What (and Where) Is the World's Oldest, Deepest, and Largest Lake?

You might be unfamiliar with the oldest, deepest, and largest lake in the world. Located in the heart of Siberia, Lake Baikal is visited by those adventurous enough to embark on a three-day journey aboard the Trans-Siberian Railway from the capital of Moscow.

Narrow in width and crescent-shaped, Lake Baikal isn’t as large as you’d expect, though if it were a country, it would still be bigger than Belgium. But this ancient body of water reaches far deeper than any other lake on the planet and draws well over a million visitors from across the globe every year to its shores. Here’s everything you need to know about this unique body of water.

Ancient Origin

On the shore of Lake Baikal, Russia. Wood engraving, published in 1893.
Credit: ZU_09/ iStock

Lake Baikal formed roughly 25 million years ago from glacial meltwater due to receding ice, and is usually recognized as the world’s oldest lake! Compared to the Great Lakes in North America, which are estimated to be roughly 20,000 years old and didn’t reach their present volumes until about 3,000 years ago, Lake Baikal’s history is incredible.

Scientists believe that Lake Baikal’s lakebed is actually an ancient rift valley. Caused by a divergent plate boundary, the geologic rift likely deepened from erosion and filled with water. According to annual measurements, Lake Baikal is expanding at a rate of roughly 0.8 inches per year. The region surrounding Lake Baikal is seismically active — prone to earthquakes and home to numerous hot springs surrounded by cedar, pine, and larch trees. There’s just one lake on Earth that could potentially top Baikal’s age. Scientists can’t agree on how old Lake Zaysan in Kazakhstan might be, but some archaeologists claim there are paleontological and geological clues in the area that indicate it could date from the late Cretaceous Period and could be 70 million years old! If the evidence stacks up, Lake Baikal will be relegated to second place.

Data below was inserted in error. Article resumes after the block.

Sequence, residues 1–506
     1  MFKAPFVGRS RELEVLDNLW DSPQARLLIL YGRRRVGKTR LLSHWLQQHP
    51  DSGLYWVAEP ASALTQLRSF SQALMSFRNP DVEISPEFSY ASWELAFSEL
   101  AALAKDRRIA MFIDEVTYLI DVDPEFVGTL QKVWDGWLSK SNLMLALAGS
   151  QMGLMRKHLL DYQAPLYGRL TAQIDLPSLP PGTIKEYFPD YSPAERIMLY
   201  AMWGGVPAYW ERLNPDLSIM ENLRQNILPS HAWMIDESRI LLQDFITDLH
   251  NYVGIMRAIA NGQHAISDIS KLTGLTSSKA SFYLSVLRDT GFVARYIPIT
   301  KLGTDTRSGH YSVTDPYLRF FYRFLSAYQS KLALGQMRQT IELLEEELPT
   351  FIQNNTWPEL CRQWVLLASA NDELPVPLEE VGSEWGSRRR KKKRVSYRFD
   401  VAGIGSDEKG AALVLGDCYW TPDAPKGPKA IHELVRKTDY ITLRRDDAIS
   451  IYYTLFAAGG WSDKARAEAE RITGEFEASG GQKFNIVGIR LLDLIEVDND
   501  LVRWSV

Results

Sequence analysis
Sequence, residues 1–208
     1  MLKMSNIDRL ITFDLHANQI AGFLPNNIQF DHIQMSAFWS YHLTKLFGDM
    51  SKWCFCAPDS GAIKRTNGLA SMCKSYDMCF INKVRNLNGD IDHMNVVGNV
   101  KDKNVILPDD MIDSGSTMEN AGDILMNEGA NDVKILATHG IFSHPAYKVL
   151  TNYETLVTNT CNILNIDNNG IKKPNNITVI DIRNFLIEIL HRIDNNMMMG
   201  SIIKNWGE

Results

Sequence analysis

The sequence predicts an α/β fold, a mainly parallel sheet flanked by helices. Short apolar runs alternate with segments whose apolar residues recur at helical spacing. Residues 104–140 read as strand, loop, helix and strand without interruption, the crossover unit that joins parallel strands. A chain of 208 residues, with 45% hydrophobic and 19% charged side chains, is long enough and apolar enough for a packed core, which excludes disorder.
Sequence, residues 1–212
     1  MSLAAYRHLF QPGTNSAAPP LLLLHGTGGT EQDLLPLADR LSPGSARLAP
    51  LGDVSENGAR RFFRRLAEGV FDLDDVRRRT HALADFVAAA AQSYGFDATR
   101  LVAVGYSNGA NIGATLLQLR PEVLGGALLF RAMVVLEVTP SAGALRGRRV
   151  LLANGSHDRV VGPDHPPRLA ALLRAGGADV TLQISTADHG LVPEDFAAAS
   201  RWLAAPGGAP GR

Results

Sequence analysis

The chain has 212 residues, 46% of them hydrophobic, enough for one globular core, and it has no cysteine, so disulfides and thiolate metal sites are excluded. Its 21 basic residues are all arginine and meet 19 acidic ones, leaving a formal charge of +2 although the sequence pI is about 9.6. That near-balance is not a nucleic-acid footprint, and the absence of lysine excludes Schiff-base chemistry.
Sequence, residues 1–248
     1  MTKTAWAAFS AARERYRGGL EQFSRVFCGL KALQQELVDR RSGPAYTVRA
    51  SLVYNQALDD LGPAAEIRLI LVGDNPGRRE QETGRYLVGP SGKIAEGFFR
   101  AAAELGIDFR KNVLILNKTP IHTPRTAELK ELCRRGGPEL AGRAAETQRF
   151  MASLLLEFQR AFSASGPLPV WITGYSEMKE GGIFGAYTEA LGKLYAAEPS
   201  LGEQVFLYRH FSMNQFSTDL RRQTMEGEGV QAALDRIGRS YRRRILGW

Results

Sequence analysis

Unparalleled Depths

Peschanaya Bay Baikal Lake, Russia.
Credit: Vladislav Sagaidak/ Shutterstock

In terms of depth, Lake Baikal is unrivaled. Baikal is the deepest freshwater lake in the world. At its deepest point, you’d have to dive over a mile — 5387 feet to be exact — in order to reach the bottom.

One of the earliest accounts of Lake Baikal’s depths was written in 1675 by Russian ambassador to China, Nikolai Milesku-Spafarii, who reported that the deepest point was near Olkhon Island where, “a hundred or more fathoms have been measured and the bottom not reached.” In 1797, workers from the Kolyvano-Voskresensky metal factories attempted to measure Baikal’s reaches more precisely. Using ropes and lines, they measured depths along a linear transect from the source of the Angara River to the mouth of the Selenga River. They determined that the deepest point was 4061 feet — a little short of today’s agreed measurement.

A bathymetric survey recording submarine topography took place in 1821 and again in 1876, when the depth was revised to 4504 feet. Echo meters, which rely on the passage of sound through water, were first used in the 1950s and 1960s — giving a new figure of 5315 feet, which was closer to today’s agreed depth.

Volume Matters More

Winter view from Chersky Stone in Listvyanka at sunset over Lake Baikal and the Angara River.
Credit: Prawat Thananithaporn/ Shutterstock

Lake Baikal is also the largest freshwater lake by volume, containing more water than all of the Great Lakes combined. It collects water from over 300 rivers, the most significant being the Selenga River, which winds north from Mongolia. The only outlet river is the Angara River, which carries the lake water to the Arctic Ocean.